NAMI, Glow Walk for Suicide Prevention

Supporters wear shirts remembering people they have lost.  /J. Desmond Slattery

NAMI, Glow, the personal counselling department, and others once again held the annual suicide prevention walk on April, 28.

A crowd of around 60 of mostly non-WCC students gathered together to walk to end suicide, many of whom had been in some way affected by the death of a loved one.

Suicide is a social taboo that penetrates into every corridor of humanity. Anyone, regardless of sex, race or age can arrive at a place where they feel they are beyond help and ultimately take their own life.

According to the Center for Disease Control (CDC), suicide was the tenth leading cause of death for all ages in 2013 in the United States.

The CDC also reported that men are four times more likely to commit suicide than women, representing just over 77 percent of all suicides. However, women are more likely than men to have suicidal thoughts.

“The percentages of adults aged 18 or older having suicidal thoughts in the previous 12 months were 2.9% among blacks, 3.3% among Asians, 3.6% among Hispanics, 4.1% among whites, 4.6% among Native Hawaiians/Other Pacific Islanders, 4.8% among American Indians/Alaska Natives, and 7.9% among adults reporting two or more races”, according to the CDC in 2013.

The big question is, what can we do to end this difficult to detect mindset that too many people find themselves in?

One group that exists to fight against suicide is the American Foundation for Suicide Prevention (AFSP). By hosting fundraising events called, Out of the Darkness Community Walks, they are able to fund research for suicide prevention, create and distribute education programs, advocate for public policy and support survivors of suicide loss.

WCC’s walk took place around the campus and within the Student Center.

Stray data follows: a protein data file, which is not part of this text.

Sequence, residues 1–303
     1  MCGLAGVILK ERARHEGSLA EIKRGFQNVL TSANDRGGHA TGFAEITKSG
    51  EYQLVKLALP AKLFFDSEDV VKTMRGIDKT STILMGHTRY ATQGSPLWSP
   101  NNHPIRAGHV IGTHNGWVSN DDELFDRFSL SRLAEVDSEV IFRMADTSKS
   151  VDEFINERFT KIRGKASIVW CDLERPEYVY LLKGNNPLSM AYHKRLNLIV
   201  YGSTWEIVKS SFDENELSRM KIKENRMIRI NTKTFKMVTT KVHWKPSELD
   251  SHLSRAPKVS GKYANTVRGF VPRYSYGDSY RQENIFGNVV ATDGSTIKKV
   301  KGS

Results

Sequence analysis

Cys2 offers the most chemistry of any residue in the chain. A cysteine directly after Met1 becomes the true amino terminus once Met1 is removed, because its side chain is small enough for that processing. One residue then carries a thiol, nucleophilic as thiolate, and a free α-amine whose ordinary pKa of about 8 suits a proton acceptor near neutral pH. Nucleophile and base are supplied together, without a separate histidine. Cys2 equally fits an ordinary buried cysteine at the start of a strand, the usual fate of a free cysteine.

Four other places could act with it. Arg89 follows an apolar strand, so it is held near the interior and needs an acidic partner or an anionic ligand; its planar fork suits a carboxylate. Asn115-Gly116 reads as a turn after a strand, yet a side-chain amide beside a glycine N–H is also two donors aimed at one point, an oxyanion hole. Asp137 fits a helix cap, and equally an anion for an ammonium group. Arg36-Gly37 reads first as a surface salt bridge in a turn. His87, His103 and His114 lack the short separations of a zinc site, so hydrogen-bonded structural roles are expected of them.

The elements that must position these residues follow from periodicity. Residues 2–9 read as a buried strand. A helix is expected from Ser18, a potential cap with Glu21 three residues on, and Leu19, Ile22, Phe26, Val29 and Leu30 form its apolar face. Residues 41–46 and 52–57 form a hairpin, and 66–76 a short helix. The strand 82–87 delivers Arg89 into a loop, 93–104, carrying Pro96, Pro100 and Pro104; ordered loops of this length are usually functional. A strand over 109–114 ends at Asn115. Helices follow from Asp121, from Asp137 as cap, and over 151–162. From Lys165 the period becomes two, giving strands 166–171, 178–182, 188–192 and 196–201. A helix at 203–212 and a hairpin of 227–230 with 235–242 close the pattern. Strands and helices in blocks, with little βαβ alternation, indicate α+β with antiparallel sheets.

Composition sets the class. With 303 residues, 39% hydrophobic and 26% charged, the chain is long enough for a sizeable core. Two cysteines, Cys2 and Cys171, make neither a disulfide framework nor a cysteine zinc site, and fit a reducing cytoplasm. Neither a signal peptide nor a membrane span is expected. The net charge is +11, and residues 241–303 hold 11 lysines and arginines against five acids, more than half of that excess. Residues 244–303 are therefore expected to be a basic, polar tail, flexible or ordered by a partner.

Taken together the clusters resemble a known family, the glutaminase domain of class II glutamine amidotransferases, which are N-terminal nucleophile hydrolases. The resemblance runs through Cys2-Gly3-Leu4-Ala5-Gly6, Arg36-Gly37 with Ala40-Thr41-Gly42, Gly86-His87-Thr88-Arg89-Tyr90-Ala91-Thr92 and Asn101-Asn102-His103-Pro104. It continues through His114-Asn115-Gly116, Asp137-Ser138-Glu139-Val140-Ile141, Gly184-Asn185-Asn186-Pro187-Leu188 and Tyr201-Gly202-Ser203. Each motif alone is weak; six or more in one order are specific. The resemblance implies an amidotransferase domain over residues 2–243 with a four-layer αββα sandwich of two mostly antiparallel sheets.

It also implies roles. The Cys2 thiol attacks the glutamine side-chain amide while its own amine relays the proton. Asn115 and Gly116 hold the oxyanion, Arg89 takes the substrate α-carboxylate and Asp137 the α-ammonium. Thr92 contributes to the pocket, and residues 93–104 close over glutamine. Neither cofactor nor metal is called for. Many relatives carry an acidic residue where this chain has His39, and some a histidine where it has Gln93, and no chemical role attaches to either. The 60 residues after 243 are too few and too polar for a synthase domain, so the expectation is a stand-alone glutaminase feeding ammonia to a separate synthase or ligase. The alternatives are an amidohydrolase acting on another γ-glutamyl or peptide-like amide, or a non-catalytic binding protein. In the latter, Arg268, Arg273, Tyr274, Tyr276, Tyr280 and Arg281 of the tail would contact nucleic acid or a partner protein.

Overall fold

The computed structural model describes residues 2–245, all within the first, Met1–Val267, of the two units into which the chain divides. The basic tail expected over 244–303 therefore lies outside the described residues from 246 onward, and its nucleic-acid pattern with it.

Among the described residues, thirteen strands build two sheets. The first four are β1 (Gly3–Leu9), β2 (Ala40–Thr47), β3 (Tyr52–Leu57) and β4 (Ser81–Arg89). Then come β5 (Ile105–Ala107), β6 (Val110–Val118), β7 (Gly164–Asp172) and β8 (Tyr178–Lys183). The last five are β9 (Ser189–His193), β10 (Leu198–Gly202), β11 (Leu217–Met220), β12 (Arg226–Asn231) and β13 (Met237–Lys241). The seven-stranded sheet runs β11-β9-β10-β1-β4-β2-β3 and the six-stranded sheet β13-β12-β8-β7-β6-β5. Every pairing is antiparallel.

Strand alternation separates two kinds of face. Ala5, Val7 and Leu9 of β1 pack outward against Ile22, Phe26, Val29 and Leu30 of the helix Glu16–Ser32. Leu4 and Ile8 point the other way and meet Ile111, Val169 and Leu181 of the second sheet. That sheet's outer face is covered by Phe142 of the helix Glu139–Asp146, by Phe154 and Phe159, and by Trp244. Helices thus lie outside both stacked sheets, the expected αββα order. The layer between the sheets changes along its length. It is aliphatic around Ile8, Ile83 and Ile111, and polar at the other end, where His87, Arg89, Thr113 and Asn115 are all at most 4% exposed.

Beads were used to identify each person’s personal connection to the cause to help bring people together. Nine different colored beads were present, each representing a different connection to someone impacted by suicide or simply the desire to support the cause.

This is the third year in a row where WCC has hosted this event. It all started when a student approached Kristy Robinson, who is the Acting Director of Personal Counseling, and asked if they could host a suicide prevention walk on campus, to which she responded, “absolutely.”

The event raised just under $12,000 and all of the funds go to the AFSP.

“It certainly has a big stigma attached to it,” said Robinson when asked about mental illness. “I think changing it starts with having conversations and doing things like this and just talking about it. There is so much power in just asking the question “are you okay?”

When asked why he took part in the event, Anthony Gunzl, a student at WCC said, “it’s a serious topic in our community and it’s important to raise awareness and get more resources.”

Awareness of the causes of suicidal thoughts and how to recognize signs of suicidal behavior is paramount in the ability to helping those in need.

The best way to address the often undiscussed issue of suicide is to be aware of the signs and to remain vigilant of those who may need help and to be proactive in providing the care they need. The AFSP’s efforts make this possible and help make a dent in bringing these issues out of the realm of taboo and into a place where they can be addressed.

“I’m thrilled with how today’s event went. Every year it gets bigger,” said Robinson, “We’ve had so many people from the community come together today and it’s really a joy to see everyone come together like this. Food, community organization, students, families, and staff members were here. I really love this event and I think today was a big success.”

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